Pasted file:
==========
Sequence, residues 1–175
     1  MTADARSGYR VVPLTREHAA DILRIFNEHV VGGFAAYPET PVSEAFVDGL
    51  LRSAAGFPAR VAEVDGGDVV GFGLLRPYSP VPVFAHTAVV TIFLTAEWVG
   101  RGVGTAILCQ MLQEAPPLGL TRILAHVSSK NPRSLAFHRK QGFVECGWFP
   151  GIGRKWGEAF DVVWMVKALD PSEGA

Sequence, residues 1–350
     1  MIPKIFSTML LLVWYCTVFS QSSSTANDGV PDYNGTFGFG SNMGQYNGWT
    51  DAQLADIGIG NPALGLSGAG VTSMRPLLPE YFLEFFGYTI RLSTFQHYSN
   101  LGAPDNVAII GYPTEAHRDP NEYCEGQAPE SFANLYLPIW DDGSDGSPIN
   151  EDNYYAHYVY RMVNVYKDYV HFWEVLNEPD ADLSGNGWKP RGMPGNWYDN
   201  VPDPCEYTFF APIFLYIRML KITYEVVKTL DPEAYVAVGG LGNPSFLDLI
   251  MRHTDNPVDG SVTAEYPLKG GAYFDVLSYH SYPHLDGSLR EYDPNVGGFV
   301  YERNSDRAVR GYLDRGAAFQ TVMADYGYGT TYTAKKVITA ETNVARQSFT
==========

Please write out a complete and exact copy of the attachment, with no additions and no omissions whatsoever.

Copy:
Sequence, residues 1–175
     1  MTADARSGYR VVPLTREHAA DILRIFNEHV VGGFAAYPET PVSEAFVDGL
    51  LRSAAGFPAR VAEVDGGDVV GFGLLRPYSP VPVFAHTAVV TIFLTAEWVG
   101  RGVGTAILCQ MLQEAPPLGL TRILAHVSSK NPRSLAFHRK QGFVECGWFP
   151  GIGRKWGEAF DVVWMVKALD PSEGA

Sequence, residues 1–350
     1  MIPKIFSTML LLVWYCTVFS QSSSTANDGV PDYNGTFGFG SNMGQYNGWT
    51  DAQLADIGIG NPALGLSGAG VTSMRPLLPE YFLEFFGYTI RLSTFQHYSN
   101  LGAPDNVAII GYPTEAHRDP NEYCEGQAPE SFANLYLPIW DDGSDGSPIN
   151  EDNYYAHYVY RMVNVYKDYV HFWEVLNEPD ADLSGNGWKP RGMPGNWYDN
   201  VPDPCEYTFF APIFLYIRML KITYEVVKTL DPEAYVAVGG LGNPSFLDLI
   251  MRHTDNPVDG SVTAEYPLKG GAYFDVLSYH SYPHLDGSLR EYDPNVGGFV
   301  YERNSDRAVR GYLDRGAAFQ TVMADYGYGT TYTAKKVITA ETNVARQSFT